Arguably, Rene Suarez’ wikiyork contribution was the most-provocative demonstration of a partnership to enhance student engagement.

wikiyork is:

  • a place to share notes, reading summaries, exam reviews, tests, assignments, opinions, etc…
  • open-source, editable by anyone, viewable by anyone
  • student-controlled (not really…everyone has equal control; everyone is a student and a teacher)
  • free (non-profit and ad-free)

In discussing wikiyork as an enabling platform for peer collaboration in an undergraduate academic setting, one of the concerns raised was the unearned benefit of such ventures to social loafers. In addressing this concern, it may benefit the wikiyork team to reflect upon the basic elements of cooperative teams:

  • Positive interdependence
  • Individual accountability
  • Face-to-face promotive interaction
  • Interpersonal and small group skills
  • Group processing

By recontextualizing these elements for wikiyork, it may be possible to (over time) turn social loafers into social contributors.

I’m not sure if wikiyork is the first of its kind. Regardless, I applaud the efforts of Rene Suarez and his collaborators, as I believe they’re on to something potentially compelling with wikiyork.

Annotation Really Is A Big Deal!

My expressed interest in annotation began as a footnote:

An alternative approach has the following two steps: First, extract RDF from the .GGP and .AUX files as before. Second, incorporate data contained in the .LOG file via annotation. Annotation is a well-established practice [45, Chapter 4] involving RDF and the XML Pointer Language (XPointer, [22]) — essentially a URI-centric fragment identifier. This conversion flow is currently under investigation and the corresponding manuscript is in preparation.

This footnote appeared in a paper that was published by the IEEE for HPCS 2006. The alluded-to manuscript will soon be available from the IEEE and will be presented in mid-May at HPCS 2007.

In addition to this manuscript on annotation, along with my co-authors, I’ve recently submitted a broader-based treatment to a special issue (“Geoscience Knowledge Representation for Cyberinfrastructure”) of Computers & Geosciences (C&G). The abstract of the C&G submission is as follows:

Incorporating Annotations into Formal and Informal Ontologies: Experiences and Implications

L. I. Lumb, J. R. Freemantle, J. I. Lederman & K. D. Aldridge


Traditionally, and to a first approximation, annotations can be regarded as comments. In the case of the Web Ontology Language (OWL), this perspective is largely accurate, as annotations are internal constructs included with the language. As internal constructs, annotations in OWL Description Logic (DL) are also constrained to ensure, ultimately, that they do not negatively impact on the ontology’s ability to remain computationally complete and decidable. Formal ontologies, however, can also be annotated externally with the XML Pointer Language (XPointer). Because XPointer-based annotations are quite likely to result in violations of the constraints traditionally placed on OWL DL’s built-in annotations, there exist potentially serious consequences for maintaining self-contained formal ontologies. Insight gained in modeling annotations in formal ontologies using top-down strategies can be applied to informal ontologies. In part, the previous practice of incorporating feature-based annotations directly into informal ontologies is regarded differently, as the XPointer-based annotations may require more complex OWL dialects in which computational completeness and decidability cannot be guaranteed. Critical to the development of informal ontologies is Gleaning Resource Descriptions from Dialects of Languages (GRDDL), as it facilitates the extraction of Resource Description Format (RDF) relationships from representations cast in the eXtensible Markup Language (XML). In order to fully enable the creation of informal ontologies, however, an analogous functionality is required to extract OWL classes, properties and individuals from RDF-based representations. Although a strategy for this capability has been specified, hopefully community based efforts will soon target a corresponding implementation.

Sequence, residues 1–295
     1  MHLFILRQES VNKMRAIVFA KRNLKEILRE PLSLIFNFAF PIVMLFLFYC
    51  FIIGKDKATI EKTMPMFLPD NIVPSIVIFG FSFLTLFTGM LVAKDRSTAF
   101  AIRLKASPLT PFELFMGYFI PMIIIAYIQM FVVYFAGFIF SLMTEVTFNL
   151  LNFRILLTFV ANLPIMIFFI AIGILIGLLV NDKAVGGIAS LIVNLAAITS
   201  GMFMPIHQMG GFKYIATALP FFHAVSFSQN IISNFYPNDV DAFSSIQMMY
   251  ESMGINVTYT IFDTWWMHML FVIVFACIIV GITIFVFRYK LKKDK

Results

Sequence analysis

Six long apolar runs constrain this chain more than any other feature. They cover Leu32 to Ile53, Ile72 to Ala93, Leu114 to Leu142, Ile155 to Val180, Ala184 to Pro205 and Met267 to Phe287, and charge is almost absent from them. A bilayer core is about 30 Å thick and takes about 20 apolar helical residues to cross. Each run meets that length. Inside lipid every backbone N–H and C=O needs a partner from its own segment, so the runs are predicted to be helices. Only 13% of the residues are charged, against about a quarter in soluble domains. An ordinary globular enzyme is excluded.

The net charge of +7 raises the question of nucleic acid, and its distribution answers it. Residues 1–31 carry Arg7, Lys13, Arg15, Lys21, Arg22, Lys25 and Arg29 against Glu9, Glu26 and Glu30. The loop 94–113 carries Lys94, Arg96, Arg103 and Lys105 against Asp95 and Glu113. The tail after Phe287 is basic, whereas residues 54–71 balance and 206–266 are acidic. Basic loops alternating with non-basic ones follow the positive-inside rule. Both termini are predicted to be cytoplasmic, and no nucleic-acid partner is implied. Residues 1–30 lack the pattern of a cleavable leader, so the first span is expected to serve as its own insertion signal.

Key words:
Annotation, Formal Ontology, Informal Ontology, Ontology, Semantic Web, XPointer, Web Ontology Language

In addition to these papers, I’ve blogged a lot about annotation. And the more I delve into annotation, the more I’m taken by it’s applicability. For example, I’ll be making a presentation at CANHEIT 2007 on annotation and wikis.

Annotation really is a big deal!